For more basic accessibility tips and tricks, here’s 10 Accessibility How To’s. You can also download the presentation so you can reference all the great links and resources. Web Accessibility Tips and Tricks Powerpoint (includes notes) or Web Accessibility Tips and Tricks PDF.
1. Alt Text: Alt text is not only the description of an image that a screen reader will read out when a blind user comes to that image on your site, but it is also the place you can put in keywords that describe your image and will improve your search engine optimization. People with a slow internet connection, who are browsing with disabled or are using a text only browser would also only see this alt text. Alt text should also be incorporated into Word documents and PDFs that you put online. The links below are some great alt text resources.
W3C Techniques for providing useful text alternatives
2. Proper Headings: Every page in your website should have one H1 which should be the main title of the page. Then you should begin to organize your content with H2 and then subheadings within each H2 section could be your H3s.Headings should also be used in Word and PDF docs. Think of it like building a resume.
Proper Headings example:
<h3> Application Process
<h3>OU Graduate College Requirements
<h3>College of Blank Requirements
3. Steps to Make PDFs Accessible: During a conference in October, an accessibility expert from the University of Washington shared some great workflows on how to make accessible PDFs from scratch, exporting from Word to tagged PDF and repairing and creating inaccessible PDFs and PDF forms using Acrobat Pro. Find them here: http://uw.edu/accessibility/pdf.html
4. Use Text NOT Pictures of Text: Pictures that contain text are not readable on a screen reader, on a text only browser or on a browser with images disabled. Pictures become blurry when enlarged and take longer to download, especially on a slow internet connection. Text in an image is not searchable either. If you post an image of a posted from a symposium, all the great info on the poster will not be indexed or searchable online.
5. Choose Your Words Carefully: Word length and sentence complexity have an effect on the ability of certain individuals to decode the words on a page. If I have a learning disability, long winded content may give me difficulties. Proper spacing between paragraphs is also helpful to users who may have trouble following a lot of text on a page.Resources: Juicy Studio Readability Test -http://juicystudio.com/services/readability.php or Struggling with Understandability -http://terrillthompson.com/blog/10.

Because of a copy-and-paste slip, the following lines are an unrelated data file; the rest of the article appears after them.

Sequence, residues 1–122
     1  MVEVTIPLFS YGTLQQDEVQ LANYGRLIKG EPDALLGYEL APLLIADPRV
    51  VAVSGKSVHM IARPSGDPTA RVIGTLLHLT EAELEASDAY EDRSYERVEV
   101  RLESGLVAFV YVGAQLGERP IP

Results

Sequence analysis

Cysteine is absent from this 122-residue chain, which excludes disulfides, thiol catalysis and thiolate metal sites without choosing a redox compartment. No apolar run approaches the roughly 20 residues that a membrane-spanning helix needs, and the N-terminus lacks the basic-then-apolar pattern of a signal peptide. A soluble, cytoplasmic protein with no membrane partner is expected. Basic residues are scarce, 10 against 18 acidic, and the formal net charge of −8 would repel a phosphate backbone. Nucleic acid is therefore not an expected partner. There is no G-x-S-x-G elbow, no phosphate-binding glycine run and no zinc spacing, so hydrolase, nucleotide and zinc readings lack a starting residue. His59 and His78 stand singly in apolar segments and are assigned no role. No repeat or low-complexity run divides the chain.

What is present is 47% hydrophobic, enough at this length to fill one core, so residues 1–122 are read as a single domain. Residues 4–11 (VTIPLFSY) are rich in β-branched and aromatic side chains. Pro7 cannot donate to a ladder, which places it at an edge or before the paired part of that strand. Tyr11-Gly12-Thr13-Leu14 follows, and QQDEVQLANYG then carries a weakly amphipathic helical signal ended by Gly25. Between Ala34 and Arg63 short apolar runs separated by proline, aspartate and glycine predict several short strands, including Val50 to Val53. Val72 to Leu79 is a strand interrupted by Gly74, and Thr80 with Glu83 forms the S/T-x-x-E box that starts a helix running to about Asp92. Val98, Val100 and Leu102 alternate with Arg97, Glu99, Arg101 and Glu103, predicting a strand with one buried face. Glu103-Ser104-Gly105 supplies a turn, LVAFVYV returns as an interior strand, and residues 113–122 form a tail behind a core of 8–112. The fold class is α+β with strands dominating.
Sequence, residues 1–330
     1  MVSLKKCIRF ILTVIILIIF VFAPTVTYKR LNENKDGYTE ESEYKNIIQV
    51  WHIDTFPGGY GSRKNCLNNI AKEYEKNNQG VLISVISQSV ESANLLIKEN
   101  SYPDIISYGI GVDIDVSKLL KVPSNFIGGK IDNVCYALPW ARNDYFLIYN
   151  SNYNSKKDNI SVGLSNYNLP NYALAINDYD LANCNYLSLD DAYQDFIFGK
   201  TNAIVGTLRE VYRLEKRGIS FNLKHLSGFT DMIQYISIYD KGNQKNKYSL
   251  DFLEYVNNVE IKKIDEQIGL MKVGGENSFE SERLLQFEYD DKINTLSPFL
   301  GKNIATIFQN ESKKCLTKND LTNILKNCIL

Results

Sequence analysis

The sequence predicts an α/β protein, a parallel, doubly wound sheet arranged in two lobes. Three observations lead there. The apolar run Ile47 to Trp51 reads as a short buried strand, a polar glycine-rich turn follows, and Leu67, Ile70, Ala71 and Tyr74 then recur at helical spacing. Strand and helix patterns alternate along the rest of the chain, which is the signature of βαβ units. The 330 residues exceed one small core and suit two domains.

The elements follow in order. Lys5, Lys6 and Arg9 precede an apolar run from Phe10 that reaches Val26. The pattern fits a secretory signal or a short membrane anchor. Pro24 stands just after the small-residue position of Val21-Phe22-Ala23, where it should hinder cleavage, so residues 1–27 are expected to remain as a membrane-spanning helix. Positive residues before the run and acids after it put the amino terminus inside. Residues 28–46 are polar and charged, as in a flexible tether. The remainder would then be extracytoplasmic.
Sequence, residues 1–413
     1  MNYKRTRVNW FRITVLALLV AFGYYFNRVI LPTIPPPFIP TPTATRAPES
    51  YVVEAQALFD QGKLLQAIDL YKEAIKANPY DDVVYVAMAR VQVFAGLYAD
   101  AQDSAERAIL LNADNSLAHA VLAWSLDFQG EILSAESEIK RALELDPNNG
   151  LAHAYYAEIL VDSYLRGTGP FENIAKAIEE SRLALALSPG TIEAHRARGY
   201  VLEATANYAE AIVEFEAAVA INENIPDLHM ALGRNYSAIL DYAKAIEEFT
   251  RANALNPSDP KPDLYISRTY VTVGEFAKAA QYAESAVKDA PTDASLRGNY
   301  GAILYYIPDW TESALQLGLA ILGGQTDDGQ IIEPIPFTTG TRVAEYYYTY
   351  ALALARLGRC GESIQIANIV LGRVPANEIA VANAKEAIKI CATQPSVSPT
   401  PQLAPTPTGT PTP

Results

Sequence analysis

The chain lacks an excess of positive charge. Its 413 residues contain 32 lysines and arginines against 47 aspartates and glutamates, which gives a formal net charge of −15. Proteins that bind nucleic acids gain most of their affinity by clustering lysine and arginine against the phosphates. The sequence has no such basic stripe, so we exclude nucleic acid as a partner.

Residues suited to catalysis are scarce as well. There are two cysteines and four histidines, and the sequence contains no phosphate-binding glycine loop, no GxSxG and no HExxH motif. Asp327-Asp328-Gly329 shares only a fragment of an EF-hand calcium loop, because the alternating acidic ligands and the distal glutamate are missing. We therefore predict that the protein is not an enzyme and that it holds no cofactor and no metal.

6. Use Proper Headings in Tables: People need to be able to follow along and clearly understand the information you have built in a table. If you have a contact information table, make sure Name, Phone, Email and other columns of information have proper headings.
7. Become a Closed Captioning Master: All videos posted online, whether it’s through iTunes U, YouTube or some other service, is required to be captioned. But who benefits from a transcript? People who are deaf-blind (easier to read than captions with a Braille device). People with low Internet bandwidth. People who want the information but don’t have time to watch the video. Don’t forget to describe content that is otherwise only accessible to people who can see it. Examples: Words on the screen, critical actions or other critical details about the setting, etc. See the Webcomm website for more captioning resources and how-to’s: http://www.ou.edu/content/home/webcomm/video/captioning.html. You can also check more entries in our blog: https://blogs.ou.edu/webcomm/?s=captioning
8. Color Contrast Checker: People who are color blind are also an audience we have to consider when creating accessible web content. Learn about color contrast, minimum guidelines and how you can analyze color contrast: http://www.paciellogroup.com/resources/contrast-analyser.html
9. Get Involved:
- Follow #a11y on Twitter
- Contact the Disability Resource Center and get involved with the Web Accessibility Higher Education project
- The EDUCAUSE IT Accessibility Constituent Group is working to get accessibility on the radar of EDUCAUSE, CIO’s, and other IT Leaders. Learn more at http://educause.edu/groups/itaccess
10. Screen Readers: If you’d like to demo a screen reader, all of the computer labs on campus have the software on most of the computer. You can also download a demo:
- JAWS: http://freedomscientific.com/products/fs/jaws-product-page.asp
- Window-Eyes: http://www.gwmicro.com/Window-Eyes/
- NVDA (Free!): http://www.nvda-project.org
- VoiceOver (built in to Mac OS X and iOS): http://www.apple.com/accessibility/voiceover/
I remember when I was interviewing to join the Web Comm team to work on iTunes U, one question they asked me, as many employers do, was “Why do you want this job?” I responded, “You want to pay me to tell people how awesome The University of Oklahoma is. I already do this for free. Plus, it will better our students’ learning experience? What better job could there be?” (Answer: there isn’t one.)
It sounds so simple, but once that responsibility actually gets written out in a job description, becomes tied to a salary, and has some real-life expectations tied to it, it becomes a bit different.
When we are responsible for the representation of the University at an ‘official’ level, we need to be intentional, responsible, and conscious of what message it is we’re trying to express. When we hold the image of the University in our hands, that responsibility takes on a new meaning. We want to tell the WHOLE story of the University, because the whole of the University is great. Our students do amazing things; our faculty provide incredible benefits to our community through their research and through their teaching; our staff devote themselves to the development of students and to the operation of the enterprise – we need to let people know about these things!
With this responsibility in mind, here are some questions I think are useful to ask when we wish to tell our story:
What story are we telling?